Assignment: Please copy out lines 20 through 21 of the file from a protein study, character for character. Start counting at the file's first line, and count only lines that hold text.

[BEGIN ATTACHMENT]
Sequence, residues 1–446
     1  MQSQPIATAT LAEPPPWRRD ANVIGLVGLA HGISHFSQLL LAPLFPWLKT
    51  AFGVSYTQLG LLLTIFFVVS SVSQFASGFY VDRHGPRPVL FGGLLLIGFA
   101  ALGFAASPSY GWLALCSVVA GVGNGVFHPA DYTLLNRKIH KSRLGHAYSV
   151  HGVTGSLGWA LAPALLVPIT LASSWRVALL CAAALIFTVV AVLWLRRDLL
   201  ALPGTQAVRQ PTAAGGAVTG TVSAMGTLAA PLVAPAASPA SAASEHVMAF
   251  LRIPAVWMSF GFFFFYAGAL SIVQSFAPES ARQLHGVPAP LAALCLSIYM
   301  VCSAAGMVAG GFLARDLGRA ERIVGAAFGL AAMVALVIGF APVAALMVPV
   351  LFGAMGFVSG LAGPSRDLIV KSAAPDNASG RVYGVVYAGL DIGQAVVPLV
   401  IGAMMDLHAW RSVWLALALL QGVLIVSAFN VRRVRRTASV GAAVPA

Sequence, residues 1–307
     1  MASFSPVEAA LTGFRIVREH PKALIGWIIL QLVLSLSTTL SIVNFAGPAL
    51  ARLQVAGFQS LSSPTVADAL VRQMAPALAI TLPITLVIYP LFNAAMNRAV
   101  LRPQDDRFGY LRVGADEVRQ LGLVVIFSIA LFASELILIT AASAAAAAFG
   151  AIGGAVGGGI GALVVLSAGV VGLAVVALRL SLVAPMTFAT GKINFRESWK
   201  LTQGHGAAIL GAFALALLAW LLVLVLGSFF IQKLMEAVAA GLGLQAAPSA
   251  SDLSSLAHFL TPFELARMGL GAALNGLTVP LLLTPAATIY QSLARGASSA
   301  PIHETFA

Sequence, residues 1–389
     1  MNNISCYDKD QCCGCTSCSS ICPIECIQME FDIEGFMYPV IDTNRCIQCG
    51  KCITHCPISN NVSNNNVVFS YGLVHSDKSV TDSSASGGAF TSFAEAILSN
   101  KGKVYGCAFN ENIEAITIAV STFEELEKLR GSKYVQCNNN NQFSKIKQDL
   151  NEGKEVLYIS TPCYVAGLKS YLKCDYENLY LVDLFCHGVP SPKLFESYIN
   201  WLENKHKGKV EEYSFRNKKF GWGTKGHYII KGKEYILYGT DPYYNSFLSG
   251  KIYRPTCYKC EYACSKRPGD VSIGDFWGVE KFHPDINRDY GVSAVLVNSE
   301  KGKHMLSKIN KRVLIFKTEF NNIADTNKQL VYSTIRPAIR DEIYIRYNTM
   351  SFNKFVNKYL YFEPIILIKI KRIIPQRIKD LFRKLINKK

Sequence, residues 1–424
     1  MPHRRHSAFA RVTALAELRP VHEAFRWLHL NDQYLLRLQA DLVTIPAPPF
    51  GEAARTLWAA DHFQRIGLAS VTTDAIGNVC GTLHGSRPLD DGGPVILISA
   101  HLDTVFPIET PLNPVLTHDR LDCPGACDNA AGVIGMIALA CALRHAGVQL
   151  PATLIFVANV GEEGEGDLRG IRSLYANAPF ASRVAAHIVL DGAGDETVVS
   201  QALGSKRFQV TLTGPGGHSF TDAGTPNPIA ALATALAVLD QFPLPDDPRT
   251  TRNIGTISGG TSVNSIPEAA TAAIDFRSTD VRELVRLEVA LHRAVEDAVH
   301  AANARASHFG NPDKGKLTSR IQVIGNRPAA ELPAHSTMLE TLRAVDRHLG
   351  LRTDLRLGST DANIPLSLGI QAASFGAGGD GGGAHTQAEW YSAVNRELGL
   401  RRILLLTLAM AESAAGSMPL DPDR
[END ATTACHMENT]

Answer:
     1  MNNISCYDKD QCCGCTSCSS ICPIECIQME FDIEGFMYPV IDTNRCIQCG
    51  KCITHCPISN NVSNNNVVFS YGLVHSDKSV TDSSASGGAF TSFAEAILSN